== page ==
I think he was first for awhile. Obviously they married and they had at least one child - and that ended in tragedy. Even good marriages are shaken by tragedy, and the death of a child is a significant risk factor for parental divorce. Ben didn't die (yet), but in some ways his turn to the dark side could be seen as worse than death, and it makes tremendous sense that, already wrestling with different (and sometimes competing priorities) this would cause Han and Leia to separate.

Just as their marriage was never clearly stated in the film, neither was their divorce (let me know if I missed a key word somehow). This too I felt was realistic, and honoring of the original relationship.

I mourn how it ended, but in many ways it makes a great deal of sense to me, and I appreciate the sense of realism despite the high romance elements of the story. It's not that Han and Leia couldn't have worked through their issues, is that with all of those elements in play (and a story to tell!) it makes a great deal of sense that they never got over the hump, particularly after Ben's defection.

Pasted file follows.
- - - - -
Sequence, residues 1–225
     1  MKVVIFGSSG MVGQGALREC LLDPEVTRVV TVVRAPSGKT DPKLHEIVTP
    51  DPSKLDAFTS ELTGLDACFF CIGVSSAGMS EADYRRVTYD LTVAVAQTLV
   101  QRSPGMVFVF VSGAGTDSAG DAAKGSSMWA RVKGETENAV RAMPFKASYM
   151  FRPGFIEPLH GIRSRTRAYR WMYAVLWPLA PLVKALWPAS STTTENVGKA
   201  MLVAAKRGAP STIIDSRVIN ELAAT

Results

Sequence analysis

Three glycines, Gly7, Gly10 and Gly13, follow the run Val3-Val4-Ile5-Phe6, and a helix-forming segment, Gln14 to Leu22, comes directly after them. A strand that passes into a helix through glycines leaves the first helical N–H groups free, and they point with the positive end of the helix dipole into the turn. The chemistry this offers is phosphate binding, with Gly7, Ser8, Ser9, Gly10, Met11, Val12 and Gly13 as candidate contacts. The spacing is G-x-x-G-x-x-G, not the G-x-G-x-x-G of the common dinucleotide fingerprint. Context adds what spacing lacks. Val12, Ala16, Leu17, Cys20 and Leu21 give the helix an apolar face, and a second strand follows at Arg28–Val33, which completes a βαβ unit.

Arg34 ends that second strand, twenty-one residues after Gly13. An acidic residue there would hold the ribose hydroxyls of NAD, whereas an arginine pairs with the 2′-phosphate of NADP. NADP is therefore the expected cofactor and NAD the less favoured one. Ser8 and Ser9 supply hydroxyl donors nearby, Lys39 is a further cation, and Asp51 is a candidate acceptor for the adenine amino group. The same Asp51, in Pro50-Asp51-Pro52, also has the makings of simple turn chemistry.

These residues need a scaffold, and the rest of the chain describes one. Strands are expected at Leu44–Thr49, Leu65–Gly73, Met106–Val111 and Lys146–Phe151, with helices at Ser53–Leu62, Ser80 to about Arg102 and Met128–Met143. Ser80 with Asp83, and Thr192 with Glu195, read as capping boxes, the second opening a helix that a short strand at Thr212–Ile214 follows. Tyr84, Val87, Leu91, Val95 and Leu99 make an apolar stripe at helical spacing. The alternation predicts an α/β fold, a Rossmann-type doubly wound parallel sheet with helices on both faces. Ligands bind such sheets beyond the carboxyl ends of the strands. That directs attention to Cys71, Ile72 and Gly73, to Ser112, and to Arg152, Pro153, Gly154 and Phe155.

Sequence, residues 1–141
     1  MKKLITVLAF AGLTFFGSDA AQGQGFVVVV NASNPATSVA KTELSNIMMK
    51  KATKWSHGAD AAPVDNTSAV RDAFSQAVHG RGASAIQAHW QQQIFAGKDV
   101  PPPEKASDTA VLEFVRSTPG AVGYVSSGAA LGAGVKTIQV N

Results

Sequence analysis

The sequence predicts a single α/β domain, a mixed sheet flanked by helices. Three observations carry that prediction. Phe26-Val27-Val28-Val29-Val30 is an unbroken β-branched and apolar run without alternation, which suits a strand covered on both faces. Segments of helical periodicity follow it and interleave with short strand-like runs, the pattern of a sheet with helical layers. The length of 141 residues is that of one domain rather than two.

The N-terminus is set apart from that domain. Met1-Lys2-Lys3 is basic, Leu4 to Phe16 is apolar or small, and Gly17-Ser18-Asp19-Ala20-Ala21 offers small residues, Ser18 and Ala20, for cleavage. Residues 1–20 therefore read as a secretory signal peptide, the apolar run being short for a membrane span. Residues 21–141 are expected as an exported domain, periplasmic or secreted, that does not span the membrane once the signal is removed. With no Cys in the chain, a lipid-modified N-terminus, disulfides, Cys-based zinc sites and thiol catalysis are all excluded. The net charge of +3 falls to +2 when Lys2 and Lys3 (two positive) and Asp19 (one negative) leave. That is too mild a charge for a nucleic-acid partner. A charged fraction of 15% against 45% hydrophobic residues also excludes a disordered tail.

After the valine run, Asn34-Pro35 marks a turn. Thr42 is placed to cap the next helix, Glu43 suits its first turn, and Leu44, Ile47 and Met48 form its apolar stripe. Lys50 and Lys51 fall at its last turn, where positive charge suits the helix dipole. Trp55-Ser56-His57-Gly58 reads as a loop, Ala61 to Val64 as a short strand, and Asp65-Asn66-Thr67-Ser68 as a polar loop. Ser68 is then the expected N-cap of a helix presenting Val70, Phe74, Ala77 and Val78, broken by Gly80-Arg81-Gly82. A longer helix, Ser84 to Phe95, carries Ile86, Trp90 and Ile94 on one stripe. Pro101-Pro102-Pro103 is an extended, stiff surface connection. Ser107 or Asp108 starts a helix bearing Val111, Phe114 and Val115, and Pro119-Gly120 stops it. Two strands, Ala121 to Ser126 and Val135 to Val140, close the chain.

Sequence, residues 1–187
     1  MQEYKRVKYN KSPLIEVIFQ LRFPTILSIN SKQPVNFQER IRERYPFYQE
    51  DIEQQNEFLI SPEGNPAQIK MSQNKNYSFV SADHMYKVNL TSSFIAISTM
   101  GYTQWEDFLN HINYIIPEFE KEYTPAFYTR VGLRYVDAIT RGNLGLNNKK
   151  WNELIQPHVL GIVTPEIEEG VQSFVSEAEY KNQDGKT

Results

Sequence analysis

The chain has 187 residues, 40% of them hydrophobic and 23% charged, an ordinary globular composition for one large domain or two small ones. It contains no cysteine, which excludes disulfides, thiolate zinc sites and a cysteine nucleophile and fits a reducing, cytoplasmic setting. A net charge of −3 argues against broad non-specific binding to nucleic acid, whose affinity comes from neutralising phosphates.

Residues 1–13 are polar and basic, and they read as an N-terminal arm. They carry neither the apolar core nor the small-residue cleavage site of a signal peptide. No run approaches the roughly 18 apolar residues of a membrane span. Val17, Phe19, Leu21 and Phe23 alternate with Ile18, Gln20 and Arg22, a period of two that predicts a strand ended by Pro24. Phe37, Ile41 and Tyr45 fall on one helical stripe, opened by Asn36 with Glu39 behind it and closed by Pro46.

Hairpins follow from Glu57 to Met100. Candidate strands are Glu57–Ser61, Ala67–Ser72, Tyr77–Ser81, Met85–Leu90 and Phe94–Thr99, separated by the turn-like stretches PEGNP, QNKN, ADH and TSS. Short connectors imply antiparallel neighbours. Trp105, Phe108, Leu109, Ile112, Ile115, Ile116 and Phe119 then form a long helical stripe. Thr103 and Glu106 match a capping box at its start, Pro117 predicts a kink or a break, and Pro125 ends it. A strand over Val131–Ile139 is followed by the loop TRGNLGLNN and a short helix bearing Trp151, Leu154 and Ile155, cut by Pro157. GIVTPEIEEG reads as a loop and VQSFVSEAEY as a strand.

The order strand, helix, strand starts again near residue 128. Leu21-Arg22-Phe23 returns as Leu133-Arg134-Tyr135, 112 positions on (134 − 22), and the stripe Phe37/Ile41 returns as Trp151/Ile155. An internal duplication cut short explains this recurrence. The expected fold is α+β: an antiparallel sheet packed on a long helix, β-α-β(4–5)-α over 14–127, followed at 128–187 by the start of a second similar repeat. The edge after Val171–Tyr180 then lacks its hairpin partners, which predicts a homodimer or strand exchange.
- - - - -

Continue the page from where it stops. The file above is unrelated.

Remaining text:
I will always love Han and Leia, and in the end I appreciate that they gave us a 'true' story, rather than a rosy one.

(For the record, my husband and I have always been the exact opposite of a bickering couple. Funny how those things work out. But we're still going to cosplay Han and Leia someday.)

Monday, April 11, 2016

Author Life Sound Bites

A few things about writing:

#1 - Taxes as an author. Interesting thoughts in this blog post and the comment thread.

#2 - Brand names as an author. How to deal with trademarks? Here's one helpful post I found on the subject.

#3 - I'm starting to do formatting work on "The Mermaid and the Unicorn." It is partially necessary because knowing how many pages the manuscript already is DOES affect my editing strategy. And my potential cover artist needs to know what font to work with. But also it's totally procrastinating on actual edits because PRETTY FORMATTING.

#4 - I am going a little insane trying to figure out a series name for "M&U." It's a LONG story that I'll discuss further at some point, but the original series title is scrapped and I need something else and EVERY SINGLE DECENT IDEA I HAVE IS ALREADY TAKEN. Bleh.

#5 - I think when you read an inspiring story and fact check it and find out that it is false, the natural reaction is to be upset, both with oneself for believing it, with the conveyor for not checking it before sharing it, our with the creator for talking lies (although their original version may have been labeled as fiction and gotten lost in the telephone game of things). But I think the healthy reaction is to think "how can I make such an inspiring story true? If it brightens my day to think such a thing is true, how much good will it do if I actually act in such a way?"